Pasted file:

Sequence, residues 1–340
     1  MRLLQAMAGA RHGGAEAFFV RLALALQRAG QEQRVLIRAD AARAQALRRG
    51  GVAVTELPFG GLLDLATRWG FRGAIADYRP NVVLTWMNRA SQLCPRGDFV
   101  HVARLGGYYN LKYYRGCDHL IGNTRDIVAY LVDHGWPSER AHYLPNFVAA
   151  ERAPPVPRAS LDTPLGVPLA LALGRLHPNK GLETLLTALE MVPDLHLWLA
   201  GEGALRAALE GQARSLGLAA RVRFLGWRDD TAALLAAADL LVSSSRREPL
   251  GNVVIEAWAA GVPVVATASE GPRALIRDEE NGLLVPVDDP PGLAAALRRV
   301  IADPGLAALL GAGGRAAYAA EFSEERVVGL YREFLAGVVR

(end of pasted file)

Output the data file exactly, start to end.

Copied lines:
Sequence, residues 1–340
     1  MRLLQAMAGA RHGGAEAFFV RLALALQRAG QEQRVLIRAD AARAQALRRG
    51  GVAVTELPFG GLLDLATRWG FRGAIADYRP NVVLTWMNRA SQLCPRGDFV
   101  HVARLGGYYN LKYYRGCDHL IGNTRDIVAY LVDHGWPSER AHYLPNFVAA
   151  ERAPPVPRAS LDTPLGVPLA LALGRLHPNK GLETLLTALE MVPDLHLWLA
   201  GEGALRAALE GQARSLGLAA RVRFLGWRDD TAALLAAADL LVSSSRREPL
   251  GNVVIEAWAA GVPVVATASE GPRALIRDEE NGLLVPVDDP PGLAAALRRV
   301  IADPGLAALL GAGGRAAYAA EFSEERVVGL YREFLAGVVR